Interprofessional Education Simulation Event 2016

Friday, April 15, 2016 - 8:00am

Jefferson College of Health Sciences, the Virginia Tech Carilion School of Medicine and Carilion Clinic hosted the eighth annual Interprofessional Education Simulation Day on Friday, April 15, 2016, on the Jefferson College of Health Sciences campus at Carilion Roanoke Community Hospital.

The event allows students and other healthcare professionals to experience what it’s like to work as a team during a simulated emergency situation involving many patients with a variety of injuries.

During the event, students from a variety of Jefferson College academic programs and classes—including Nursing, Respiratory Therapy, Physician Assistant, Health Sciences, Physical Therapist Assistant, Occupational Therapy Assistant, Emergency Services, Surgical Technology and Masters in Occupational Therapy—are grouped together and assigned a mock patient involved in the situation. The students caring for patients are not informed of the nature of the event until the activity begins. They then have to assess the situation and treat their patients as a team on the spot. Goals of this simulation activity are to improve leadership skills and encourage interprofessional collaboration. The goals are not related to disaster preparedness.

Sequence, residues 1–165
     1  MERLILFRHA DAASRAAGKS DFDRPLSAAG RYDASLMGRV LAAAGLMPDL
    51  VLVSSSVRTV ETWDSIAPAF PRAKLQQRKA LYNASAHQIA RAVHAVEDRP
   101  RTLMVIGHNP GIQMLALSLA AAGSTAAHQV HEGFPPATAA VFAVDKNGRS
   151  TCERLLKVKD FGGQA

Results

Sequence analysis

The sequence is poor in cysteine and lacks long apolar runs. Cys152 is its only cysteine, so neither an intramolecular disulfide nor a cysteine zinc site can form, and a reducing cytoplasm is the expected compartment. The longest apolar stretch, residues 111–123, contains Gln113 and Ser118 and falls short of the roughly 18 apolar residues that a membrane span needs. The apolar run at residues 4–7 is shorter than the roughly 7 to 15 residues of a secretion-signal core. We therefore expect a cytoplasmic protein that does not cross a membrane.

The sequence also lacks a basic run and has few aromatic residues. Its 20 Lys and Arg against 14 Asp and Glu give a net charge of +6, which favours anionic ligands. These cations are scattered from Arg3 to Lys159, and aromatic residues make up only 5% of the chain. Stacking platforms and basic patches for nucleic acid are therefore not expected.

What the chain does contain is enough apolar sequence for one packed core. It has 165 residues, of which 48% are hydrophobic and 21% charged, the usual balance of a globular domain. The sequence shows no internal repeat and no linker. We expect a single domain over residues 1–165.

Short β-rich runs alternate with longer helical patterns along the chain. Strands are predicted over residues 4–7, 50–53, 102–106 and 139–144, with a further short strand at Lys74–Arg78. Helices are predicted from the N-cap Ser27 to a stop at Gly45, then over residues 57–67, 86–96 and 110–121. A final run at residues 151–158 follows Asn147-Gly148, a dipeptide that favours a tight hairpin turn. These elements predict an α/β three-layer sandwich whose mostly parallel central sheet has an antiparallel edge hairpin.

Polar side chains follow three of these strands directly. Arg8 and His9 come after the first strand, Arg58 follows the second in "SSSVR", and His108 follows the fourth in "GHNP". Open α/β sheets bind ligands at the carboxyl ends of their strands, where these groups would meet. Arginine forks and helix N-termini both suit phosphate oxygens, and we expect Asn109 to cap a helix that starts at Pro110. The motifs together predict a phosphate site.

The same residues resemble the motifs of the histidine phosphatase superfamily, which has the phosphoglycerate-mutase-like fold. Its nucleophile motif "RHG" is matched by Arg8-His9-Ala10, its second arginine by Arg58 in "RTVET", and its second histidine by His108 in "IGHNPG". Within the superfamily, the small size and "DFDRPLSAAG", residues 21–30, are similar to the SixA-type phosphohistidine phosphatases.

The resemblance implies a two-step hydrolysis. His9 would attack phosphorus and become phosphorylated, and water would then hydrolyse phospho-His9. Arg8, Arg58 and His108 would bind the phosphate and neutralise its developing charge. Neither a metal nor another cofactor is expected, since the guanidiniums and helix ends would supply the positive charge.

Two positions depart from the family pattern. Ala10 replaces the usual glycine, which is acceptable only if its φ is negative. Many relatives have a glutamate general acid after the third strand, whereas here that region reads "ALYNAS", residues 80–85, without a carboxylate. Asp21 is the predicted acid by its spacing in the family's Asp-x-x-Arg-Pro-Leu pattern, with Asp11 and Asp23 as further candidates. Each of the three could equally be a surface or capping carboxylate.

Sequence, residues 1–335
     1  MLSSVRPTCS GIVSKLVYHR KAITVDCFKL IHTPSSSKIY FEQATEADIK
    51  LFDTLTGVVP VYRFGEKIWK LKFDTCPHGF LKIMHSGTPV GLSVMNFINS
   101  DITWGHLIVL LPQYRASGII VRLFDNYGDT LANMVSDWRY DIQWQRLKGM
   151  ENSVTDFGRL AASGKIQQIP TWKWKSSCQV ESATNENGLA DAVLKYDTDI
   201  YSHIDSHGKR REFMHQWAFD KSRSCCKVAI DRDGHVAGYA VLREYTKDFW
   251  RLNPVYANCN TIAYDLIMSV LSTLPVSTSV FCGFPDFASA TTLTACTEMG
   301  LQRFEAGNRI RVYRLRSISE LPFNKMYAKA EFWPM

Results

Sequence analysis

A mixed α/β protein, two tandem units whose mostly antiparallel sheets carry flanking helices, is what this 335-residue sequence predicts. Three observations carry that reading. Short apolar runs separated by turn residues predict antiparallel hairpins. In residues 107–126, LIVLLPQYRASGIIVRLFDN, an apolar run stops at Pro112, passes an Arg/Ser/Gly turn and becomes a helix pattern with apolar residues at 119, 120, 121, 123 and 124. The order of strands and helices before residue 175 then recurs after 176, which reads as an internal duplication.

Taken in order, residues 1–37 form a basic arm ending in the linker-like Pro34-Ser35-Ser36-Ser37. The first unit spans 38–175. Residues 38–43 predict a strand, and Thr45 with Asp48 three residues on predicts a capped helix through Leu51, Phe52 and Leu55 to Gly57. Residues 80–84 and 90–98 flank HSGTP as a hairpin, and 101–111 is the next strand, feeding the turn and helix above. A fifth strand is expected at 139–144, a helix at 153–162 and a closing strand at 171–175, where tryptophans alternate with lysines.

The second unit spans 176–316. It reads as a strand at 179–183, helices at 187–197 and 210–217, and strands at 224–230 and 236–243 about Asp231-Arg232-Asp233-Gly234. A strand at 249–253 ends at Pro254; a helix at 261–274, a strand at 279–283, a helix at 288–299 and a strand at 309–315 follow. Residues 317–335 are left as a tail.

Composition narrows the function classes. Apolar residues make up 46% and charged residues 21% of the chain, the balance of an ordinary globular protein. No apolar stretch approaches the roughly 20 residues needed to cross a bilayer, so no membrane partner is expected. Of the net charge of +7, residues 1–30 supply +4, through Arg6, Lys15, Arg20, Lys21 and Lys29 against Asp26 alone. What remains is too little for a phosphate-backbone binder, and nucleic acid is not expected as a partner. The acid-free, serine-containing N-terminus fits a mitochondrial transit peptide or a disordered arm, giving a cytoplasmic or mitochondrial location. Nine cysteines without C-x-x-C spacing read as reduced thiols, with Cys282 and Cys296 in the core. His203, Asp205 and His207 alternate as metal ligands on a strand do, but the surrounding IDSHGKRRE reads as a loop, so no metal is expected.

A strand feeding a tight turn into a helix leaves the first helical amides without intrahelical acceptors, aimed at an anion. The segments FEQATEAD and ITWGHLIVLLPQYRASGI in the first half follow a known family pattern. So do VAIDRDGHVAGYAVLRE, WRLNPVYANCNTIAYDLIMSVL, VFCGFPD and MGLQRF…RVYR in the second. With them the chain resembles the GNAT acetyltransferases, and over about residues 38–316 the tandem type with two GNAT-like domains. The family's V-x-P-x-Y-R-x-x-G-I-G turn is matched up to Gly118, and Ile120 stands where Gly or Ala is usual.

This year's scenario was a boiler explosion at a Rehabilitation Center and involved the following simulated areas: the explosion site, where Emergency Services students cared for the injured; an Emergency Department where medical, physician assistant, nursing, respiratory therapy and chaplain services students received victims of the blast; operating rooms, where medical, physician assistant and surgical technology students performed a mock amputation; rehabilitation units, where medical, physician assistant, occupational therapy, occupational therapy assistant, physical therapist assistant and chaplain services worked together to develop rehabilitation plans for victims of the explosion; and an area where health sciences students developed a public health plan for an infectious disease case involved in the explosion.